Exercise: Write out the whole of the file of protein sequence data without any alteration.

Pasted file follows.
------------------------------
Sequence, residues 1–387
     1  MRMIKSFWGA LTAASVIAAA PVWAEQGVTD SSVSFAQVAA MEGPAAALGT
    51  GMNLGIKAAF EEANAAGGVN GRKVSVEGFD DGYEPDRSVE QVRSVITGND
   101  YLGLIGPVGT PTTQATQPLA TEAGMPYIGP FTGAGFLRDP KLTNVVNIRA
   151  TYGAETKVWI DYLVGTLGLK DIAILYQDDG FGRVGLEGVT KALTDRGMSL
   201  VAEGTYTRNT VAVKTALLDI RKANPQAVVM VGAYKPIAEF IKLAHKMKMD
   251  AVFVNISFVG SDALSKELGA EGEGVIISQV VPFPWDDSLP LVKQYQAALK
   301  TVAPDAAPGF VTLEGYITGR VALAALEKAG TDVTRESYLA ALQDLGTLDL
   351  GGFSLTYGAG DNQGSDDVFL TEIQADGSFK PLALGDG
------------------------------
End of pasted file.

Sequence, residues 1–387
     1  MRMIKSFWGA LTAASVIAAA PVWAEQGVTD SSVSFAQVAA MEGPAAALGT
    51  GMNLGIKAAF EEANAAGGVN GRKVSVEGFD DGYEPDRSVE QVRSVITGND
   101  YLGLIGPVGT PTTQATQPLA TEAGMPYIGP FTGAGFLRDP KLTNVVNIRA
   151  TYGAETKVWI DYLVGTLGLK DIAILYQDDG FGRVGLEGVT KALTDRGMSL
   201  VAEGTYTRNT VAVKTALLDI RKANPQAVVM VGAYKPIAEF IKLAHKMKMD
   251  AVFVNISFVG SDALSKELGA EGEGVIISQV VPFPWDDSLP LVKQYQAALK
   301  TVAPDAAPGF VTLEGYITGR VALAALEKAG TDVTRESYLA ALQDLGTLDL
   351  GGFSLTYGAG DNQGSDDVFL TEIQADGSFK PLALGDG